Esther van der Zijden is using hip-hop to combat gangster violence in Guatemala City. She gave a talk to Wageningen students together with two Guatemalan breakdancers.
A street thing
Around 3,000 children are murdered each year in Guatemala City. Many children grow up in slums where it is unsafe and extremely corrupt. Gang fights are a daily event. Children hang around on the streets all day. The gangs adopt the children as members of their 'family' and make them feel they belong somewhere. Then the children are given tasks, varying from dealing drugs to murdering.
At the hip-hop school 120 children get free lessons three times a week. Now they clash in energetic breakdance battles rather than fighting each other in gangs. Esther: 'Hip-hop is cool, physical and a street thing. It appeals to the kids. They become part of a crew where everyone respects each other and where they don't have to deal drugs or murder in order to belong.'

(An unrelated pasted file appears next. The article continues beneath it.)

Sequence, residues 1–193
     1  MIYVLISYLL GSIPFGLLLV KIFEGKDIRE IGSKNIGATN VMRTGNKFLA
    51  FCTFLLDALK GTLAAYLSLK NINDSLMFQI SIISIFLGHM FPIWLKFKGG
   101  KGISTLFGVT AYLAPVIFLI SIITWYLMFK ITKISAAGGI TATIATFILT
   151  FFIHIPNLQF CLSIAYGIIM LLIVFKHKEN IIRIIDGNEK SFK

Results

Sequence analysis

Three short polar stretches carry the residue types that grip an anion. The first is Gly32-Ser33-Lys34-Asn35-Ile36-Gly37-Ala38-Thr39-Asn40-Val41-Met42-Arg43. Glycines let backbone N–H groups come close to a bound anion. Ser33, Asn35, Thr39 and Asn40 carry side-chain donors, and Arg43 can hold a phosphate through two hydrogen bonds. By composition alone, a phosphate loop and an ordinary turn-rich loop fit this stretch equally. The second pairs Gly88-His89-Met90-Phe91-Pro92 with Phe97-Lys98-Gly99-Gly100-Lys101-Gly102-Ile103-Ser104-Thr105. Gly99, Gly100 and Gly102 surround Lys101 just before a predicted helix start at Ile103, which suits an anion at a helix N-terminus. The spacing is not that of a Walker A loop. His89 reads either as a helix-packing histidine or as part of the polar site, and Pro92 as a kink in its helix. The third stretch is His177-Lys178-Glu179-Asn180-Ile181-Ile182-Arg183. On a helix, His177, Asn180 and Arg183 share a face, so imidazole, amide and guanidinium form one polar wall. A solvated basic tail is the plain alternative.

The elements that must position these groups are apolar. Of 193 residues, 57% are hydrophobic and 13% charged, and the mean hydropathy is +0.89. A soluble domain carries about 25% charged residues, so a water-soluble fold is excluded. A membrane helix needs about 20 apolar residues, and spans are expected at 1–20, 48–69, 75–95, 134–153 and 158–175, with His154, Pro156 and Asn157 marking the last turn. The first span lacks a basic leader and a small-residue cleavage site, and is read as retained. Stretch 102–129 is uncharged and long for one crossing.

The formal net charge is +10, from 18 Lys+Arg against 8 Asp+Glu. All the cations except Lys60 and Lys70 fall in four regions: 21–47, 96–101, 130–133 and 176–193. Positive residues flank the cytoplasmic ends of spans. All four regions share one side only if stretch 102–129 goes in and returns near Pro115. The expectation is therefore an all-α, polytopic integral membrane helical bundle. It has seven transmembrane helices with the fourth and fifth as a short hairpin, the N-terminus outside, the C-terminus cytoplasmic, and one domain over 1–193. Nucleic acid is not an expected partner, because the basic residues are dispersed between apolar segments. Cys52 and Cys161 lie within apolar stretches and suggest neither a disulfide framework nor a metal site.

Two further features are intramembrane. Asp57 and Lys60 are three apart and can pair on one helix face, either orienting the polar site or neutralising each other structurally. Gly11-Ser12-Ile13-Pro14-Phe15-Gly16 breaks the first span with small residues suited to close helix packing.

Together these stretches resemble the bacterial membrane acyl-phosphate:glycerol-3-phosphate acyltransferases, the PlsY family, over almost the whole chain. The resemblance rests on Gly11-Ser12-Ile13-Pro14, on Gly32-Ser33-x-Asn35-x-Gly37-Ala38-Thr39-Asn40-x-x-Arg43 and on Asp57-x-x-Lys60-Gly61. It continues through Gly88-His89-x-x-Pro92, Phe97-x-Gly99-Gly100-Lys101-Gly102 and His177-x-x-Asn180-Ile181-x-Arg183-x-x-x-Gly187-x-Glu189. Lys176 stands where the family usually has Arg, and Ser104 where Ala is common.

Tito, one of the breakdancers from Guatemala, has experienced first-hand how hip-hop can be an alternative to the gangster life. 'I grew up in the slums alongside the gangs. But I kept out of the gangster scene thanks to breakdancing. Now I earn money giving children dance lessons', he says. Then he starts to breakdance on his hands, accompanied by a cool beat. An audience of about fifty people watches him.